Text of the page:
Rob: Yeah, that’s a good link and I hope others will continue to write
about this topic. I plan to but I’m not there yet–my goal is to limit
or leave behind the other platforms.

Jarkko: I agree and hope the market will, too. :wink:

Higher rates usually come with bigger clients, who are slower to adopt
new technologies. So it seems like the projects out there right now are
more cutting-edge and with smaller companies who typically don’t pay as
well, partly because of size and partly because they can take advantage
of the fact that Rails is the cool, new technology (as Jarkko
mentioned).


#7

Conclusion:

Learn Haskell, and develop your applications with it. Really concise
programs that can be developed fast, and the non-smart programmers will
not be able to grok it :wink:

Rails does make things easier, so make sure you get paid per project,
and not per hour. :slight_smile:


#8

That was an excellent suggestion…–>

Rails does make things easier, so make sure you get paid per project,
and not per hour. :slight_smile:


#9

I wrote an article which fixed-bid work with Rails in order to best
leverage the time/value proposition. Clients have an expectation of
how long it will take to do a given amount of scope… charge them
based on that expectation then deliver early (and/or) overdeliver
based on the productivity benefits of working with Rails… Reap
massive profits.

Read more at http://jroller.com/page/obie?entry=productivity_arbitrage

Obie


#10

On Wed, Jan 18, 2006 at 05:30:16PM +0100, thila thila wrote:

That was an excellent suggestion…–>

Rails does make things easier, so make sure you get paid per project,
and not per hour. :slight_smile:

I would disagree. In my experience fixed price contracts tend to be a
pain. If the project would take you X hours to do in Java and X/2 hours
to do in Rails then you need to adjust the hourly rate accordingly.
There is value in rapid delivery and if you can deliver a quality
product quickly then you should be compensated accordingly.

I also do not agree with the previous statement “we no longer need smart
programmers […] to develop in Ruby”. This is the part of the “rails
is easy!” spiel that I really dislike. I’m not aware of any tool that
will convert a non-programmer (or inexperienced programmer) into someone
able to pull down $100+/hr for a project. Overall experience is more
valuable than specific tool experience. To paraphrase something Jason
Fried said, it’s not easy, but Rails makes it easier (for experienced
developers). Sure you can find someone to throw together a PHP site for
$20/hr but in my experience those projects either fail or are eventually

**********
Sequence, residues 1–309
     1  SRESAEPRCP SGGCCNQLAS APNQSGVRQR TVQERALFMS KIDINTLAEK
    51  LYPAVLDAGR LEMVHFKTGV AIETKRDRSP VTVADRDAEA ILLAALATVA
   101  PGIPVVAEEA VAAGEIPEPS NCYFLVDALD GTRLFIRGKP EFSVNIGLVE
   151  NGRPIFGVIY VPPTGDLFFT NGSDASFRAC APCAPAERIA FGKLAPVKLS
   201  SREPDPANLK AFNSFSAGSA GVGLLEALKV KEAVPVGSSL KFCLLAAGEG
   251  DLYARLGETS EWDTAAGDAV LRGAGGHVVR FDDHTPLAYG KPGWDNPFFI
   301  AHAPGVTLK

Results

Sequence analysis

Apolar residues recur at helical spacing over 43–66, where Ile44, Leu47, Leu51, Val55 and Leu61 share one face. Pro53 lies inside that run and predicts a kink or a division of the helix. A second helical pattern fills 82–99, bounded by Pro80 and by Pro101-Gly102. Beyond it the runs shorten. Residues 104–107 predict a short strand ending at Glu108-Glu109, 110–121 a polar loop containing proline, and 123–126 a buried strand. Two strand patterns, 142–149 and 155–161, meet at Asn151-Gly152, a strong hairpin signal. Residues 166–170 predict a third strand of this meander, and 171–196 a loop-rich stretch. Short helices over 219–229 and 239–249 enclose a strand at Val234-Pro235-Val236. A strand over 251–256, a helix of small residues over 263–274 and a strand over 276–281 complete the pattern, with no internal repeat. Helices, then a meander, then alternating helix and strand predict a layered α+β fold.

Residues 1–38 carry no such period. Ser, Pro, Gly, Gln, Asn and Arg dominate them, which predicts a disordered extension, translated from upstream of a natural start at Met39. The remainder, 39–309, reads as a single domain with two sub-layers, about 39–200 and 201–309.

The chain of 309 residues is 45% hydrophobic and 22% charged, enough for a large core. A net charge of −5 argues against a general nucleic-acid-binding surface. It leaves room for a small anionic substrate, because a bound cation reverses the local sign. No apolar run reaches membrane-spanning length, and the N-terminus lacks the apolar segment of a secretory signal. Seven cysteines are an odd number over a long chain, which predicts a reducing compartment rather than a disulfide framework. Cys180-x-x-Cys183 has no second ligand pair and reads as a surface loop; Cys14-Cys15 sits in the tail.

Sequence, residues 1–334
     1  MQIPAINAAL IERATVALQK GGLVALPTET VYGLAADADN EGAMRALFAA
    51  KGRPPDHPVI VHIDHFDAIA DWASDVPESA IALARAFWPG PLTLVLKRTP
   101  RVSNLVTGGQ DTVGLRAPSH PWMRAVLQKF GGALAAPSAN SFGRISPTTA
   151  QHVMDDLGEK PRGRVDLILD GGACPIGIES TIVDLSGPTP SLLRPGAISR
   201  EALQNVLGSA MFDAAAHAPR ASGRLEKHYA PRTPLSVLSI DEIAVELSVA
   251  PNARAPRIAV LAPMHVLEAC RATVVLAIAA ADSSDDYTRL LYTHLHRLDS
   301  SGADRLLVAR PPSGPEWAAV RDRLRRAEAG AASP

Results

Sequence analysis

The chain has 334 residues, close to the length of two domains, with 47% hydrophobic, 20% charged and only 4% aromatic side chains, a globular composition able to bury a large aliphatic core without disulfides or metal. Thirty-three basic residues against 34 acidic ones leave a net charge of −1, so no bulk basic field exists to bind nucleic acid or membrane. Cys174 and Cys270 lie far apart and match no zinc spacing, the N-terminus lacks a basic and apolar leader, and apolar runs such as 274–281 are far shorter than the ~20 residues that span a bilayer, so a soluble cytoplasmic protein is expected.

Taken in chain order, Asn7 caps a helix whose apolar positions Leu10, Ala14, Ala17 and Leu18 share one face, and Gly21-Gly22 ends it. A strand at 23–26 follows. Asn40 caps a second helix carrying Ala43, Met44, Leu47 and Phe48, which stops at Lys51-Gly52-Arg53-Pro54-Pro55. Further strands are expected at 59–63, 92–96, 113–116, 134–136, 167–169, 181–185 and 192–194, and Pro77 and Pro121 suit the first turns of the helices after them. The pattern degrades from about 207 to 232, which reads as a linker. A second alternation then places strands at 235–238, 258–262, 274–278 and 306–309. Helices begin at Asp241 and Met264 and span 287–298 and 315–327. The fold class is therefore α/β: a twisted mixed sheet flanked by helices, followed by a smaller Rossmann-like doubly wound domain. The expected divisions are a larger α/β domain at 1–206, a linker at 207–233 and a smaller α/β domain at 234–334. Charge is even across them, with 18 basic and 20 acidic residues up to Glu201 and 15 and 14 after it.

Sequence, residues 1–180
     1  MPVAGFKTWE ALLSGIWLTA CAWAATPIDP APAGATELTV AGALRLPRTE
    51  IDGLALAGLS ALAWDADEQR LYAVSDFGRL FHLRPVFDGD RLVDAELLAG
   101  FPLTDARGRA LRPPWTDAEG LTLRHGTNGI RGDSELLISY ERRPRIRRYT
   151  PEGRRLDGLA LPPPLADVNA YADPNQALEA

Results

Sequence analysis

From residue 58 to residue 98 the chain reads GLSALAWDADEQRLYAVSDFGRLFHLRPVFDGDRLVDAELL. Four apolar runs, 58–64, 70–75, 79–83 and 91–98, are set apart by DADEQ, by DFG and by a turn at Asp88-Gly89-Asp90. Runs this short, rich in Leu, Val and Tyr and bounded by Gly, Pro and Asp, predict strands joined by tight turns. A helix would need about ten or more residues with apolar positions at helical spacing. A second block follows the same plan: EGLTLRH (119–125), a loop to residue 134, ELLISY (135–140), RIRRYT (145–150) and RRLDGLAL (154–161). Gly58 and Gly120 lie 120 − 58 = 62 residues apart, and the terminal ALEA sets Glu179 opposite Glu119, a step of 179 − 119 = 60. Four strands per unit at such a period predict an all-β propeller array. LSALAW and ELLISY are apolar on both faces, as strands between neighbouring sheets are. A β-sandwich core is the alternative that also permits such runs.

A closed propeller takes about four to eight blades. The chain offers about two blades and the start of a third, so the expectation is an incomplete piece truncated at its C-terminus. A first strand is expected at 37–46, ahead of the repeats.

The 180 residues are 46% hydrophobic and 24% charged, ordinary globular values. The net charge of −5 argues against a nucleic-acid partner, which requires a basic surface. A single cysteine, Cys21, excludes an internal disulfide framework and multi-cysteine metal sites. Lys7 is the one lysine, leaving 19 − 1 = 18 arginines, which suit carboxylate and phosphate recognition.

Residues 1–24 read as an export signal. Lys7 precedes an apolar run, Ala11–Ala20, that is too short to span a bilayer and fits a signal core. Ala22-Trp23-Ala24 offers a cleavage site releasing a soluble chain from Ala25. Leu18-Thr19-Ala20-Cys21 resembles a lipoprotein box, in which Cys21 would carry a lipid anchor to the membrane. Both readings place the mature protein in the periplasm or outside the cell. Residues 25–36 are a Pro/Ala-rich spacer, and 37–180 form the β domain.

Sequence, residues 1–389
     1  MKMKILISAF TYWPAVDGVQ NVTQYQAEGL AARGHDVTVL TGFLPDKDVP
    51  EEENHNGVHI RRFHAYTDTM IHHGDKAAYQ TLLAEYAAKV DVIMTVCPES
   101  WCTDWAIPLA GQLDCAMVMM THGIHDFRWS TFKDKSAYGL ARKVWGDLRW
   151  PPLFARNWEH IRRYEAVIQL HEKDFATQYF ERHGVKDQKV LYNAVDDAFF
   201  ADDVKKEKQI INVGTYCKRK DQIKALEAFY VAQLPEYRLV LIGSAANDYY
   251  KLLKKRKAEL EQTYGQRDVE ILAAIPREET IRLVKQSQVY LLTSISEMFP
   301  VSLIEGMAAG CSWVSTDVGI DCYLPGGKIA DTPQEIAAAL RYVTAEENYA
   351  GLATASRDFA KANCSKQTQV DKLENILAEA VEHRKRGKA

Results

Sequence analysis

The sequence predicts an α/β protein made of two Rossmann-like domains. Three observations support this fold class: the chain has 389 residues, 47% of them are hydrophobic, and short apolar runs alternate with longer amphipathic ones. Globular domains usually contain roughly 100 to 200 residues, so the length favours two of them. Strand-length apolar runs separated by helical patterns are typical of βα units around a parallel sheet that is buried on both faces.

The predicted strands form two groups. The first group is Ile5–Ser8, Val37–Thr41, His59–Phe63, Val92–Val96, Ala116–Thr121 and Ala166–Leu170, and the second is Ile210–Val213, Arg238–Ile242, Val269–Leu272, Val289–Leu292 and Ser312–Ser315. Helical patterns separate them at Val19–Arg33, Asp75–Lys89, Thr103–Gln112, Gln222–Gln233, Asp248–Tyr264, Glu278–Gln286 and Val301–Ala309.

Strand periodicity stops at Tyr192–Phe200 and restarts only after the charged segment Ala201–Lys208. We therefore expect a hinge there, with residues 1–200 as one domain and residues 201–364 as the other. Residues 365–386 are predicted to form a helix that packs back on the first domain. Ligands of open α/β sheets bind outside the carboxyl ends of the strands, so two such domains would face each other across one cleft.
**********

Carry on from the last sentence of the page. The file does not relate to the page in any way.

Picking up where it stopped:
replaced with something done by someone with more experience (and for a
lot more money).

As Jarkko indicated, top notch Rails developers are bringing in top
rates/salaries. I won’t post my rates on the list, but I can say that
the earlier stated $30-$50/hr is a bit low. There is certainly no
shortage of Rails work right now. It is exciting times. Good luck to
everyone endeavoring professionally in Rails!

-Scott


#11

Obie F. wrote:

I wrote an article which fixed-bid work with Rails in order to best
leverage the time/value proposition. Clients have an expectation of
how long it will take to do a given amount of scope… charge them
based on that expectation then deliver early (and/or) overdeliver
based on the productivity benefits of working with Rails… Reap
massive profits.

Read more at http://jroller.com/page/obie?entry=productivity_arbitrage

Obie

I haven’t done much Rails contracting,but as a general rule:

Know thyself: ie; your proficieny in the toolset
Know thy enemy: Scope creep is your enemy
Know thy friend: These would be Scope/Deliverables clauses in the
contract.

Its almost habitual for clients to demand more on a fixed bid contract
if you haven’t concretely defined deliverables and you deliver ‘early’
hoping you can take the ‘profits’ home.

Rails may make delivering projects easier, but ask yourself: Can I
deliver this project with this scope in this amount of time. Cover
your bases with concrete devliverables/scope clauses SIGNED by the
client project stake holders.

Doing fixed bid contracts is mastered by very few people/companies (I’m
not one of them, but I’ve been burned by deals other ppl did – read
sales team vs. delivery team in a big 5 consulting context).